• you were taking care of others because they were in quarantine or sick due to COVID-19;
    • you were taking care of children or other dependents because their care facility was closed due to COVID-19;
    • your EI has run out and you are unable to find work because of COVID-19. It is possible to get both EI and CERB, just not at the same time. The online application form will walk you through the process.
  • There’s a detailed CERB FAQ.
  • It’s recommended to apply for the CERB online, but you can apply by phone (1-833-966-2099). Make sure to have handy:
    • Your SIN
    • Your banking information (including branch/transit number), if you want direct deposit

I’m concerned about the SHA vacation submission deadlines being extended – what is our union’s response?

SEIU-West will not agree to an extended vacation submission deadline beyond what is provided for in the April 22nd memo

What are the rules for the new testing sites in relation to OH&S? Do we have Occupational Health Committees (OHCs) and if so, how do we find out who is on this committee?

New testing sites are being set up and the same rules apply – every work site is required to have an OHC (or an Occupational Health and Safety Representative in sites with 10 or less employees) - as well as a system of reporting accidents, injuries, and near misses. We’ve asked the Employer to send us the list of members who work at these testing sites in order to select OHC members – we have our Top Officers communicating with these members to see who is interested in joining their OHC – if you’re working at a new site and want more information for your OHC, please contact the MRC.

With the SHA rules around cohorting, am I able to continue to work at one facility in the region but keep my private company job?

Yes. Private companies are not covered by the cohorting rules and we’ve learned definitively that neither are group homes.  We continue to question the Ministry of Health about these contradictions.

I heard Saskatchewan announced a wage top-up for low wage workers, where can I find that information?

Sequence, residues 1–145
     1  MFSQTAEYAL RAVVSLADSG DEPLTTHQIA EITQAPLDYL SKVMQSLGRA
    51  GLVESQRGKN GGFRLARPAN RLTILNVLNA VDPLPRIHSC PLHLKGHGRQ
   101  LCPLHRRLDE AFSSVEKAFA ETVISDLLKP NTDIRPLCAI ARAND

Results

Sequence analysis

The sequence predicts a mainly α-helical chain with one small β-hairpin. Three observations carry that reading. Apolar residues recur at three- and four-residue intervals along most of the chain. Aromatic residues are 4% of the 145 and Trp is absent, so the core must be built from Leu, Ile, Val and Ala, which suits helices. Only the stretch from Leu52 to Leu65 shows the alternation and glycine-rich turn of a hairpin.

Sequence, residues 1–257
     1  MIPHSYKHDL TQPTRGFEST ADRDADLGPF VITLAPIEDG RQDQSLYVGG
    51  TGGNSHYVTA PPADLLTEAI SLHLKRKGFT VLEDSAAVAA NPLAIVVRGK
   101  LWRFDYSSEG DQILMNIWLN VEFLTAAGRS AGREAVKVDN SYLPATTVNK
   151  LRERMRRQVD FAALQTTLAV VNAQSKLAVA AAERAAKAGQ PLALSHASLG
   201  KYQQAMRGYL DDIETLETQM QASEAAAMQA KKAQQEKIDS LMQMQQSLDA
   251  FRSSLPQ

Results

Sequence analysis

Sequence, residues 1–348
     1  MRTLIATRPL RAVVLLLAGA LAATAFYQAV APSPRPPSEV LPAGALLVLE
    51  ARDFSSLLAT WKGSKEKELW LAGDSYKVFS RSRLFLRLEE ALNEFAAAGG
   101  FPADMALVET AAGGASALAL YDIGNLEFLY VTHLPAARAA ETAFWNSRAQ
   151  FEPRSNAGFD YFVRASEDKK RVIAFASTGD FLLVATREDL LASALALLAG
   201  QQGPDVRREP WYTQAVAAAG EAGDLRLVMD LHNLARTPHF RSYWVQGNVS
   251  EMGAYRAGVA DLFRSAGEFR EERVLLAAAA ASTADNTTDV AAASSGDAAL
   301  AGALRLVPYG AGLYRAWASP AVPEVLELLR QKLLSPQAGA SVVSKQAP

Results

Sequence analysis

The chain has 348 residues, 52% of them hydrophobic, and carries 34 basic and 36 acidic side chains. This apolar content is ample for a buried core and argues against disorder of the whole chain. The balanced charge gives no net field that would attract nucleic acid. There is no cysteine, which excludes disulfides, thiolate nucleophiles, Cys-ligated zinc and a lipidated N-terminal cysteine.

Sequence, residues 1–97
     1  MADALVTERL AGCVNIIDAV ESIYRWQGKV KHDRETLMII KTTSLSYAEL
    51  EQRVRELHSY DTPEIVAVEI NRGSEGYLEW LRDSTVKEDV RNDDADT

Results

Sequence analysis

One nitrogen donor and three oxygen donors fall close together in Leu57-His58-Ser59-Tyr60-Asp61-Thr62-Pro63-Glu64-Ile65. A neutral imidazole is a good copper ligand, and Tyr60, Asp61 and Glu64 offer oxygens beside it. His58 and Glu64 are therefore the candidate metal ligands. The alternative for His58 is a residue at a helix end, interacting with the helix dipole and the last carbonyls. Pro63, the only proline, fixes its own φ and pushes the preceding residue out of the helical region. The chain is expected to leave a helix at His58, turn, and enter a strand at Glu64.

We have added that information to our External Resources page – you can find more information here on the Government of Saskatchewan page. 

I’ve been having skin reactions and/or migraines as a result of PPE, what can I do?

Those with PPE reactions should file an incident report with their Occupational Health Committee (OHC) and use the SHA intranet site to log a product issue report. You should also call 1600 where available. For more information, read this SHA document – WCB may also be applicable so if you have any questions, please contact the Member Resource Centre.

What is the PPE directive for transporting patients in an elevator?

If anyone is transporting a patient and within 2 m they would be required to utilize PPE for droplet and contact precautions which would be mask and eye protection (gloves & gown as well).  An N95 is only required for the AGMP’s (Aerosol Generating Medical Procedures) which would not be taking place in an elevator.  If it’s an intubated patient being transferred this should be done with physicians and nurses from ICU and they would all be fitted for an N95.   

Do you have any information about health care worker (HCW) exposure to COVID-19?

The Saskatchewan Health Authority has released this assessment tool for HCWs exposed to COVID-19. Please read and share the following: HCW Exposure Risk Matrix Assessment Tool / Return to Work Algorithm / Return to Work FAQ's / Resource Index

Please consult with your Occupational Health Committee (OHC) if you have further concerns/questions. If you don't know who is on your OHC, contact the Member Resource Centre on our website or by calling 1.888.999.7348 ext. 2298. 

I’m noticing that people in my workplace are not always donning and doffing PPE correctly, what can I do?

Share these visual posters:

Please consult with your Occupational Health Committee (OHC) if you have further concerns/questions. If you don't know who is on your OHC, contact the Member Resource Centre on our website or by calling 1.888.999.7348 ext. 2298.